Awesome if she wins. I see this as a fine counterstrike on the Brady Bunch, a nice example of the best defense is a good offense.

tango-52
09-18-2007, 11:42 AM
Interesting story. Unfortunately, the author was incorrect when he stated that only Utah allows CCW on campus. California law also allows CCW on all school grounds, provided you have a CCW license. The local administrators may have a fit if they find out, and if you are an emplyeee or student they will probably fire or expel you. But it is not illegal.

Fjold
09-18-2007, 11:46 AM
Here's the interesting part:

But district policy prohibits anyone except a law-enforcement officer from bringing a weapon onto campus. When word got out that she had a concealed-carry permit, administrators reminded her of that policy. There's the political rub: According to state law, "any element relating to firearms and components thereof, including ammunition, is vested solely in the Legislative Assembly."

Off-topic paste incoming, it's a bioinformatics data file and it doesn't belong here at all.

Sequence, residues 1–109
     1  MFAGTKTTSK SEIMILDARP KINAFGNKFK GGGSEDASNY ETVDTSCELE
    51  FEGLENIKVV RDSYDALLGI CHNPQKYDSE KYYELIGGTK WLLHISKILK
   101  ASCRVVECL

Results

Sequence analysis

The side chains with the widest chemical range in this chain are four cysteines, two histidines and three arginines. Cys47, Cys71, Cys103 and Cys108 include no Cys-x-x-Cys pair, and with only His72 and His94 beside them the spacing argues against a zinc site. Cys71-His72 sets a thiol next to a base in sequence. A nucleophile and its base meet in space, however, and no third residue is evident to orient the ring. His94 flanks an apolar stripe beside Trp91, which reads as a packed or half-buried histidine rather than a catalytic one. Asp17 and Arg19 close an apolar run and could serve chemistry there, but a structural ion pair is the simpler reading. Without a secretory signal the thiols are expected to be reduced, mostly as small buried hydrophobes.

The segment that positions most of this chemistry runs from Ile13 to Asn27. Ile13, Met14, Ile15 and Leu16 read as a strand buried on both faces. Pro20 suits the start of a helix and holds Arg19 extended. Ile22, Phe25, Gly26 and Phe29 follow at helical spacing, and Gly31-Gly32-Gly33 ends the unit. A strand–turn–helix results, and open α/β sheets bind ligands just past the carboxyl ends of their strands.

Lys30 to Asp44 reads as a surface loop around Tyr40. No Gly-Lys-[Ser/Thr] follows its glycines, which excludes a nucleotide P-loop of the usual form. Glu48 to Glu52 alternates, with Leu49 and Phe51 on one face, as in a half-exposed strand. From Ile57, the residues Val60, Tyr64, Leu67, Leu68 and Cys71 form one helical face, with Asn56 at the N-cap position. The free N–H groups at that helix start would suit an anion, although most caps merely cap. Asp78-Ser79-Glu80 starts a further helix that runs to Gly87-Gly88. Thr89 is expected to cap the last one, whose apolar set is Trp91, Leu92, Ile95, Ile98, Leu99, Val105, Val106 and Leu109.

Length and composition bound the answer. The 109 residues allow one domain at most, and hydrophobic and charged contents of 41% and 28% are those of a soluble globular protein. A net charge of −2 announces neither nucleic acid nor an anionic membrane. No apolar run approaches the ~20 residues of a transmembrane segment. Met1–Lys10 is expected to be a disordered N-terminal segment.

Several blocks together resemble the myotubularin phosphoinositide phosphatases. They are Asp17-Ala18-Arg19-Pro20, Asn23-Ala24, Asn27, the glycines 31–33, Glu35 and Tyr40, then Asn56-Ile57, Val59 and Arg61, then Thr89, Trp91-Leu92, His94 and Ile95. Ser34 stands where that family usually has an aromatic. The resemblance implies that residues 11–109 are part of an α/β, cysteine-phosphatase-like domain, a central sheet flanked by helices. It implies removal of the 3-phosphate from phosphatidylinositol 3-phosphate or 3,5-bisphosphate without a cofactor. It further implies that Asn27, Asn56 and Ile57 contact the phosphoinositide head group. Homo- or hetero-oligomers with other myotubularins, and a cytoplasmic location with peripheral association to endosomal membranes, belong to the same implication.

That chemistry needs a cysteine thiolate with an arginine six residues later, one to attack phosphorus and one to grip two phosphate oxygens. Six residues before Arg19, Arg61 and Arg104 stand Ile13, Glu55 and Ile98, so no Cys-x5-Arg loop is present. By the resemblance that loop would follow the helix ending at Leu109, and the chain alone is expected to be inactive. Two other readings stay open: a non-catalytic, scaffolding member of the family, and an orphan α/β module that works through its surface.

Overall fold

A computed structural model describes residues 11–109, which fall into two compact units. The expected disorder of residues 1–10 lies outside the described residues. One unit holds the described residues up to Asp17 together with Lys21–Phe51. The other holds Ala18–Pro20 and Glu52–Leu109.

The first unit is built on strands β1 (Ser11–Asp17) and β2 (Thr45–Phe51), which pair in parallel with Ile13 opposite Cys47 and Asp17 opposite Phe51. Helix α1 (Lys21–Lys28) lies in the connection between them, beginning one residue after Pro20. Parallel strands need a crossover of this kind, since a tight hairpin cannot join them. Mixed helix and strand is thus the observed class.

metalhead357
09-18-2007, 5:56 PM
As been said many times..

We allow bank guards with guns to protect our money.

Why in the H*** aint we allowing teachers to protect our kids? UNarguably 10000000X more priceless than all our money.........

God I hope she wins.

CCWFacts
09-18-2007, 6:17 PM
Interesting story. Unfortunately, the author was incorrect when he stated that only Utah allows CCW on campus. California law also allows CCW on all school grounds, provided you have a CCW license. The local administrators may have a fit if they find out, and if you are an emplyeee or student they will probably fire or expel you. But it is not illegal.

Yup. That was my thought when I read that. CA law certainly does allow CCW holders to carry on campus, and most other places. If CA and UT allow it I would guess there may be some other states, too.